The trend of Americans earning six-figure paychecks living from paycheck to paycheck grew during the 2008 recession from 21% to 30% in 2009, according to a CareerBuilder.com survey. A recent survey by SunTrust found that things had not improved much by 2015. About 25% of those making over $100,000 a year still live paycheck to paycheck.
When I was a kid, my parents mostly lived paycheck to paycheck and they weren't making anywhere near the kind of money this Guardian articles is talking about. They were the "poor" version of this.
Back then, it never occurred to me that "rich" people might live paycheck to paycheck. Today, I see it all around me. They have fancy cars, every cable channel known to man, fancy furniture and dishes, $200/month cell phone bills with new smartphones each year. This includes their kids.
Me? I've got a nice house, but I still use folding tables for the desk in my office. I drive a 12 year old car that's paid for, my wife drives a 3 year old car that's also paid for. I have Internet, but basic cable TV service. Work pays for my mobile phone, the family is on prepaid service. Only person with the newest smartphone is me, which I buy every other year. The wife just got a used iPhone, my son just got her old iPhone. My daughter doesn't even have a smartphone (though that may change).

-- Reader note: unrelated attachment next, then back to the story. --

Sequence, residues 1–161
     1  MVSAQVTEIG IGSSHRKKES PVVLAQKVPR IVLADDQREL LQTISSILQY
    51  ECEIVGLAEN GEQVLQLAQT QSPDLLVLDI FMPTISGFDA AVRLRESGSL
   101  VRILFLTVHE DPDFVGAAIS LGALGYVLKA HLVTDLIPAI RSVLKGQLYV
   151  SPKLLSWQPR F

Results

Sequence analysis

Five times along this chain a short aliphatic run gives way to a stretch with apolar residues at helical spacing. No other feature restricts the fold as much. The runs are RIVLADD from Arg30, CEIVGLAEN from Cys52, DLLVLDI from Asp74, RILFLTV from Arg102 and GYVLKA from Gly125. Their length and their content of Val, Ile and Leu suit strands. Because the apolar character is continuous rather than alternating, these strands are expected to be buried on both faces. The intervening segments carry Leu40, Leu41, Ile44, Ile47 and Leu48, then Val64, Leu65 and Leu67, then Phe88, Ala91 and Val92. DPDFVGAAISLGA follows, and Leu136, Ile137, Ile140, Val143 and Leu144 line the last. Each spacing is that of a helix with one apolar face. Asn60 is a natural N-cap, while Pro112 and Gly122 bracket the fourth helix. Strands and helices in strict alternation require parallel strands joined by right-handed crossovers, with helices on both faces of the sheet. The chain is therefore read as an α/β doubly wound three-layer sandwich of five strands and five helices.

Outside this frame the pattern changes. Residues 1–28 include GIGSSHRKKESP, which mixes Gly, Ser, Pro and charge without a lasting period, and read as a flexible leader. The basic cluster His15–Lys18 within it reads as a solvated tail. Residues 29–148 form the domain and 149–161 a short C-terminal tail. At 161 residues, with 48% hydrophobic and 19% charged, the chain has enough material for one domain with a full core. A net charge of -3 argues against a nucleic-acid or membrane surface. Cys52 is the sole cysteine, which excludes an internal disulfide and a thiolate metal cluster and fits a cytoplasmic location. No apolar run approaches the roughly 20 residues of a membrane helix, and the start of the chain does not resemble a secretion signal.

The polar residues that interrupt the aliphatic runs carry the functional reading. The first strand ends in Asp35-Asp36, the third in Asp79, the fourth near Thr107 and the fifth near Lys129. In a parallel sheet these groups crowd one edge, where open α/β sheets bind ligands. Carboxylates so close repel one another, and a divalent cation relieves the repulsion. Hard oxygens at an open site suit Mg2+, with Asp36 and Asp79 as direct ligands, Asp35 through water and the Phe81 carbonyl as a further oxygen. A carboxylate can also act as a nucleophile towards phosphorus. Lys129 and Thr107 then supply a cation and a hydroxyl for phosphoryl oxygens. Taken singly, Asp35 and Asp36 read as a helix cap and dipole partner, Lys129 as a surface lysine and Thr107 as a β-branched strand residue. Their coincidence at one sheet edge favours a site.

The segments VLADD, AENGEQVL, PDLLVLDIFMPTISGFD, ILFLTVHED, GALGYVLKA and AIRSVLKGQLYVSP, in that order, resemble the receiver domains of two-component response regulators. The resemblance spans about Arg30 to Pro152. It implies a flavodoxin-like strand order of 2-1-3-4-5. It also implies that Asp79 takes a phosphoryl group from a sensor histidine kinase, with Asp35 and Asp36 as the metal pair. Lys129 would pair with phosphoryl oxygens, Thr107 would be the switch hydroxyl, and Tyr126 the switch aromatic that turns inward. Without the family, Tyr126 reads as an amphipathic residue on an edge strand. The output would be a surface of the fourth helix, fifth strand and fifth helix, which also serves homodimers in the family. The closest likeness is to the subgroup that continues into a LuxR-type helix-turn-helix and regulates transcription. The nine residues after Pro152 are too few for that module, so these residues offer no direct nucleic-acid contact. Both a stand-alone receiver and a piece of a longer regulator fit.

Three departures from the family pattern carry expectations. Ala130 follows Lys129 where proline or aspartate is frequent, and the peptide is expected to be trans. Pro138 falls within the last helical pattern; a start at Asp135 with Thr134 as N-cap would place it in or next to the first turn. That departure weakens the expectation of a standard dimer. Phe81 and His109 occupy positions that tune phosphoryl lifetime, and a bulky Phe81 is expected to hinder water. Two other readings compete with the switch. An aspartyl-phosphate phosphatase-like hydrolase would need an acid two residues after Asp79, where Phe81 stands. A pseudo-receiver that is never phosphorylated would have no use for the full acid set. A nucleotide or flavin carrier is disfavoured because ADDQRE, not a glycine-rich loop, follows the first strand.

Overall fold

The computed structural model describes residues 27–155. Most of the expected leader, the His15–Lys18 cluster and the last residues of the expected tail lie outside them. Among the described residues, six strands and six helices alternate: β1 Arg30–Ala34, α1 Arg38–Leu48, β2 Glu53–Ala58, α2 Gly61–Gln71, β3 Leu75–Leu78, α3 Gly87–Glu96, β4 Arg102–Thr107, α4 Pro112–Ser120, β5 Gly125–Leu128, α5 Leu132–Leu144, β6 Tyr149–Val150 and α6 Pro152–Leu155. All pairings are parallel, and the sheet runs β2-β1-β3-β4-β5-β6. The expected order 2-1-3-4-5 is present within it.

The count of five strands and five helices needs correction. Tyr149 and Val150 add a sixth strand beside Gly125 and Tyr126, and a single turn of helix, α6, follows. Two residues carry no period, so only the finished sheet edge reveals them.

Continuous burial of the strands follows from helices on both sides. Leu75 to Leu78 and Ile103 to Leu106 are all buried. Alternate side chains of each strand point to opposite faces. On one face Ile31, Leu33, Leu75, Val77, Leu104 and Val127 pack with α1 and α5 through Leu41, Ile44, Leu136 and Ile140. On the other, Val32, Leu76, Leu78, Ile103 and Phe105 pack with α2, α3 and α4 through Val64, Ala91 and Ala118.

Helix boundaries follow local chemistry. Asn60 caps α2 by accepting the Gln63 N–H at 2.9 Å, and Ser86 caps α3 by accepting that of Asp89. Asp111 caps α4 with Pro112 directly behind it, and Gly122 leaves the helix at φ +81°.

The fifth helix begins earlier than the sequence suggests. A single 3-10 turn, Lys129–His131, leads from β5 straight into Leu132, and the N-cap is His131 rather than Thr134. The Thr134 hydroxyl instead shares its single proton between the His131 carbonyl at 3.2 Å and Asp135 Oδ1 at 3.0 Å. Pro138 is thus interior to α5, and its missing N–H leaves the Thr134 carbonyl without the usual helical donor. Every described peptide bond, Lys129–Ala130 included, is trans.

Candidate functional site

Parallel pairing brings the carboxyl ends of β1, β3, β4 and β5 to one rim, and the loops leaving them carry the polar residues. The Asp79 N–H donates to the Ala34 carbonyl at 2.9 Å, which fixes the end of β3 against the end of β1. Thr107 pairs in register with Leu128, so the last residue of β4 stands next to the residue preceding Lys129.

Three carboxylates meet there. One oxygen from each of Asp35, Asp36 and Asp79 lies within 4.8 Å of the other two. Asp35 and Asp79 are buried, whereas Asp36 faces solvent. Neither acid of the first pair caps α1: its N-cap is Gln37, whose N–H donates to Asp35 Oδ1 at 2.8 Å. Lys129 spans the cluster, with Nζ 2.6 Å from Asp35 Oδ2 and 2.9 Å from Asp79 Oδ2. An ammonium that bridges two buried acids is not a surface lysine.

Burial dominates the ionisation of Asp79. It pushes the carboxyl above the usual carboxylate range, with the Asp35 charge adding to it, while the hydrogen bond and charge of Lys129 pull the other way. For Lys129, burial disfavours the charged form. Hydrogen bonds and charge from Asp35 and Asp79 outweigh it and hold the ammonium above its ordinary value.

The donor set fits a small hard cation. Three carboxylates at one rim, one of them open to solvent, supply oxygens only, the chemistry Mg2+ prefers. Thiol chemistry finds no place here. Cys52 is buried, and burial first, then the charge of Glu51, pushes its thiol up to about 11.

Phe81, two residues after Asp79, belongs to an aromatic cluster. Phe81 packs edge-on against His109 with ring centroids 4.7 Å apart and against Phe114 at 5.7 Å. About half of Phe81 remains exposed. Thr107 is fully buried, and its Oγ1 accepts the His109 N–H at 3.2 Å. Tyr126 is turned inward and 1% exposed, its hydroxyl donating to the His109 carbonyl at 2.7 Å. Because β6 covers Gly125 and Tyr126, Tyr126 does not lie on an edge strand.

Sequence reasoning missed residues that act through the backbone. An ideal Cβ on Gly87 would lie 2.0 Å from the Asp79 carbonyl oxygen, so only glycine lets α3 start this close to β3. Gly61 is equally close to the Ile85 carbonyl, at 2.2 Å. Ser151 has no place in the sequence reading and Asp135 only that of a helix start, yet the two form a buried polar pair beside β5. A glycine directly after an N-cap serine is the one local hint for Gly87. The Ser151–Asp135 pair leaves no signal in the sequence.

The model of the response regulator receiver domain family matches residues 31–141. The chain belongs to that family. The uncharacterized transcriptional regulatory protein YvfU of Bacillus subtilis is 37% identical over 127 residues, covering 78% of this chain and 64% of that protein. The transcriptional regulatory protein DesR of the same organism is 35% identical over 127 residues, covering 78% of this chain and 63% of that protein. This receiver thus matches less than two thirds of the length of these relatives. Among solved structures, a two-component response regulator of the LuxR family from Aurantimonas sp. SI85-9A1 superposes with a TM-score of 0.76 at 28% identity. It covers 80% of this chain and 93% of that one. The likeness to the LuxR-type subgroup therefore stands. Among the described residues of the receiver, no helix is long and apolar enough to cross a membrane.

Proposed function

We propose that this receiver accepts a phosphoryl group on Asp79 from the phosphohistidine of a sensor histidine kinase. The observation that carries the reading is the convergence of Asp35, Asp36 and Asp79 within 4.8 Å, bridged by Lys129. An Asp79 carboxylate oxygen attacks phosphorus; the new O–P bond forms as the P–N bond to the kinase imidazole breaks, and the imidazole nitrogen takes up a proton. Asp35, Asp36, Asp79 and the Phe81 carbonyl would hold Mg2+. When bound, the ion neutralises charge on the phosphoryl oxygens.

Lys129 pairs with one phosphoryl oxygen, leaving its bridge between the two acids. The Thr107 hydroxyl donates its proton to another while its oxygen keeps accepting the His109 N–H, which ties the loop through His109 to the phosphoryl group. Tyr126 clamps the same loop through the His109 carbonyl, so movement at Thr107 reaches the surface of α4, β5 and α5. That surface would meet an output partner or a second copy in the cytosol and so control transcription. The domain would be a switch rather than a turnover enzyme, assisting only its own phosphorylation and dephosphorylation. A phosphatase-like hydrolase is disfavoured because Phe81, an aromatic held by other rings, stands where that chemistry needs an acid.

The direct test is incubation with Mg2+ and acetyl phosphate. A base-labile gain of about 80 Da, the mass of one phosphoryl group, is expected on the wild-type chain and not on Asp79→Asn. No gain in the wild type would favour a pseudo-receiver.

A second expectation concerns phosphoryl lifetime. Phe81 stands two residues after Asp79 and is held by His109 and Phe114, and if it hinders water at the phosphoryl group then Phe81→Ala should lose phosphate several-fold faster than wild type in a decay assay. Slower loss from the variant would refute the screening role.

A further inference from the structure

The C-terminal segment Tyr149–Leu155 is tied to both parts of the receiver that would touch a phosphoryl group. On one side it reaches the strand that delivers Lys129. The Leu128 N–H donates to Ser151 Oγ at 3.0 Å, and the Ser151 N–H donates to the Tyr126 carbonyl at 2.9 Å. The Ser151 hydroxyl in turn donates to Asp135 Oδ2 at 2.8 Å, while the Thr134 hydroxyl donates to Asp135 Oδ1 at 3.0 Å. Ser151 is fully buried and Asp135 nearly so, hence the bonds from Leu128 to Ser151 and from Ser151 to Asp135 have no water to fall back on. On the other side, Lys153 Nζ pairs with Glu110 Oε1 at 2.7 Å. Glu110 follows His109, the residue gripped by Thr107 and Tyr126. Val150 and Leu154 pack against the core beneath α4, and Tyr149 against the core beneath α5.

What I do have that the paycheck to paycheck folks don't? Savings that we use sparingly and restock regularly. Retirement accounts that I won't touch until I use them for retirement. What I don't have? Debt. Other than my house, everything is paid for. Money isn't spent unless we actually have it to spend. That sometimes means delaying purchases on things you need—or want.
Bottom line: I don't even try to keep up with my neighbors. That said, I live a comfortable lifestyle I can afford today and, with a lot more saving, will be able to afford when I retire.